The Importance of Clusters in Global Innovation Trends
This year’s Global Innovation Index (GII), a ranking of 127 countries across the world measuring levels of innovation based on a number of detailed metrics, has released a special section on Clusters of Inventive Activity. The authors recognise both the importance of place, and the challenges of getting hold of empirical insight and data comparing the performance of individual innovation clusters. In this first step, the GII captures general innovation activity occurring at sub-national level and plans to deepen the analysis at a later stage by looking at specific technologies and industries within the clusters.
Having a local perspective of innovation is not a new concept but its importance to fostering entrepreneurship is becoming more and more recognisable. There is a clear need for identifying and understanding clusters of sectoral innovation activity and at the Smart Specialisation Hub we are dedicated to meeting that need for the UK by providing relevant data, intelligence and analysis.
Identifying Clusters on the Map of England’s Innovation Activity
We might think of clusters of sectoral innovation activity as situated within government defined geographical units, but this is rarely the case. Our publication, Mapping England’s Innovation Activity, allows us to look beyond defined geographical boundaries and spot groups of LEPs with strengths in similar sectors.
One such grouping is a group of LEPs in the middle of the country demonstrating above average activity in high valued manufacturing (HVM). Coventry and Warwickshire, Oxfordshire, Sheffield City Region, Leicester and Leicestershire, and Greater Birmingham and Solihull are performing above average and form a concentrated North-South “line” of increased HVM activity.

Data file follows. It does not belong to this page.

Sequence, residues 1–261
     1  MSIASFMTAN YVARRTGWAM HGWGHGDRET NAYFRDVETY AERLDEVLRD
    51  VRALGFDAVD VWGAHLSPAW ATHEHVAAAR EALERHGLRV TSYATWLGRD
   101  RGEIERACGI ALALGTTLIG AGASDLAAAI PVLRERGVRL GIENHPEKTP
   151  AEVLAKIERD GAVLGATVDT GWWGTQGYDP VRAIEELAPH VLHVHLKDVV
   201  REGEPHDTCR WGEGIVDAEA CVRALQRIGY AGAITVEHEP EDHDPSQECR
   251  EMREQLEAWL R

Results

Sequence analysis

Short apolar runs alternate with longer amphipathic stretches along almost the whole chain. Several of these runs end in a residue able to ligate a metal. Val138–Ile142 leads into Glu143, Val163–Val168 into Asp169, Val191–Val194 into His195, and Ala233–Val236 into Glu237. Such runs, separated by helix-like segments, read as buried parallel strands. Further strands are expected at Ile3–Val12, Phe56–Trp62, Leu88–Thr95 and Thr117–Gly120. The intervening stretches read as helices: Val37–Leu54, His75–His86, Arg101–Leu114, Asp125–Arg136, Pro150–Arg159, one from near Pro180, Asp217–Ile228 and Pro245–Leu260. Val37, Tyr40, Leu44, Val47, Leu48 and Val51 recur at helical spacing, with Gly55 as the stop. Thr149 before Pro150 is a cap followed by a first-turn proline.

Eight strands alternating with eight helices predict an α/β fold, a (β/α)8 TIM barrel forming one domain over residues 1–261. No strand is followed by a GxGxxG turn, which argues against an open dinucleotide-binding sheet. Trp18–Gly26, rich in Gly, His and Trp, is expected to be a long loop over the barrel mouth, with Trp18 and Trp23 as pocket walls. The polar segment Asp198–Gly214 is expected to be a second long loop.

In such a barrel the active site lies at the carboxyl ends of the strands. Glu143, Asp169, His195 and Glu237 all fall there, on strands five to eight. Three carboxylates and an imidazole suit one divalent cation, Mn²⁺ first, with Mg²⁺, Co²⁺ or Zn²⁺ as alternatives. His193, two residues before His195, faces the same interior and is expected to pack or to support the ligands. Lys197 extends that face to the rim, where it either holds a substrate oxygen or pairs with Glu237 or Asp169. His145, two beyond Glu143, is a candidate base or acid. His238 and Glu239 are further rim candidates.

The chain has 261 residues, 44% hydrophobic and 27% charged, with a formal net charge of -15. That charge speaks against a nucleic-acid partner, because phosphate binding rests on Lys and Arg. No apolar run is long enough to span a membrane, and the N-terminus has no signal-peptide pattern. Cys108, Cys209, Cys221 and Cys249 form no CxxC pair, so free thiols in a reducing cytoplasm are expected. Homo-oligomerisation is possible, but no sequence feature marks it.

These LEPs include the established industrial centres in and around Birmingham and Coventry anchored by the HVM Catapult centres at Ansty and the University of Warwick, and at Catcliffe near Sheffield, but cuts across Innovate UK’s regions, and across the boundaries of the Northern Powerhouse and Midlands Engine. Grouping them as one HVM cluster might be useful when designing regional policies and strategies.
As the importance of place-based innovation grows, Mapping England’s Innovation Activity offers useful tools to start identifying and understanding the dynamics of high-technology clusters. We at the Hub will continue highlighting interesting trends in developing industry clusters based around local expertise and networks, in order to bridge the knowledge gap and support the growth of nationally and globally competitive clusters.
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